Below are listed some of the common issues facing native Farsi speakers. We have divided these issues into Sound (Phonemes), Prosody (Rhythm, Tempo, Stress, and Intonation), and Other Stuff (Other Stuff).
- Substituting /s/, /t/, or /d/ for /θ/ and /ð/ (also, /ð/ for /θ/)
- Confusing /v/ and /w/
- Tend to over pronounce /l/
- Over-pronouncing /ŋ/
- Tend to trill the /r/
- Confuse /i/ and /ɪ/
- Confuse / ʌ/ for / ɒ/
- Confuse / ʊ/ full for / u/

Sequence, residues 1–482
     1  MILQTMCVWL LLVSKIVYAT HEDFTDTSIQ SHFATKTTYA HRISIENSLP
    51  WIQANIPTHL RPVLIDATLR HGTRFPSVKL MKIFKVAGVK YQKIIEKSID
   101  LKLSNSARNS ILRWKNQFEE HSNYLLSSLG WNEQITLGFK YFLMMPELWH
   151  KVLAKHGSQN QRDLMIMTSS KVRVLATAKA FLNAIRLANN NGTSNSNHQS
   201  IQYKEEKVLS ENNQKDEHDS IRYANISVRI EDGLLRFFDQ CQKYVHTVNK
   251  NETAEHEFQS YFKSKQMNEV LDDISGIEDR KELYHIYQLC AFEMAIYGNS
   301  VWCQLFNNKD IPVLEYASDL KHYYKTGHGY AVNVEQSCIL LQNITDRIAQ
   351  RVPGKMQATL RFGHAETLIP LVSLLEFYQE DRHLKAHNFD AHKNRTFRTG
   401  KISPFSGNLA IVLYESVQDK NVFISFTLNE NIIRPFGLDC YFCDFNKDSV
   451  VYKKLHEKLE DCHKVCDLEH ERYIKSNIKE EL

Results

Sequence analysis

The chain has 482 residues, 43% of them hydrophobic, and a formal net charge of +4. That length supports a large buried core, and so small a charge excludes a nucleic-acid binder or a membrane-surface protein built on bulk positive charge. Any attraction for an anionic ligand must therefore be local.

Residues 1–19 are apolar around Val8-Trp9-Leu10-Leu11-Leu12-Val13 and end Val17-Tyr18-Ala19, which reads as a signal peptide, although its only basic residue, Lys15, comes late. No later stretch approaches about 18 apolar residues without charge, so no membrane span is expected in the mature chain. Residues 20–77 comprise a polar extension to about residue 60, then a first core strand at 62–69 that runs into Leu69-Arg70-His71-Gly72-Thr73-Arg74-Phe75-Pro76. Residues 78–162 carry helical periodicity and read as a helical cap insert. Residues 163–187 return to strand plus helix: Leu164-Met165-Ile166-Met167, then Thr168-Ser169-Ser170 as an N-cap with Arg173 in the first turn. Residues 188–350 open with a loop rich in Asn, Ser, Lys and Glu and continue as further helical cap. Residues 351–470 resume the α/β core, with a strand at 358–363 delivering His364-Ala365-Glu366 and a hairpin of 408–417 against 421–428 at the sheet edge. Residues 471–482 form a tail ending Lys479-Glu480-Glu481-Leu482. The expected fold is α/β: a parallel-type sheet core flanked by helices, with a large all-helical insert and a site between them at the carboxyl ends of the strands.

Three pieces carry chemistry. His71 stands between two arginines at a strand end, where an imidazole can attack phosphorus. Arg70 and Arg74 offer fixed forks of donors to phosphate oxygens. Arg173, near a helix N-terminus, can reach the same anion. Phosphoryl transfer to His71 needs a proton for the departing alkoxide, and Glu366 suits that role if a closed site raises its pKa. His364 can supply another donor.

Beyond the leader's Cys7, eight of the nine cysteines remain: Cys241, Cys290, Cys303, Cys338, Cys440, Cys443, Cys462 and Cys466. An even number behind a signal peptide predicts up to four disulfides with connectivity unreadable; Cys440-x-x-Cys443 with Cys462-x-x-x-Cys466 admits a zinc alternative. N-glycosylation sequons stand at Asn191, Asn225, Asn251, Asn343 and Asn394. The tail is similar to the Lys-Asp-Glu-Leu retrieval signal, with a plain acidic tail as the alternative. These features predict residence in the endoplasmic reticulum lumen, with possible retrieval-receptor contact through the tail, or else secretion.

- Tend to stress the first syllable of English words to overcompensate for the final syllable stress that is common in Farsi
- Farsi is a syllable-timed language and has no reduced vowel equivalent to the /ə/. This causes Farsi-speakers’ English to have a somewhat monotonous rhythm.
- Tendency to put an extra /ə/ sound before English words that begin with /s/
- Tend to insert a vowel between consonants in order to break up a consonant cluster – especially in the beginning of a word.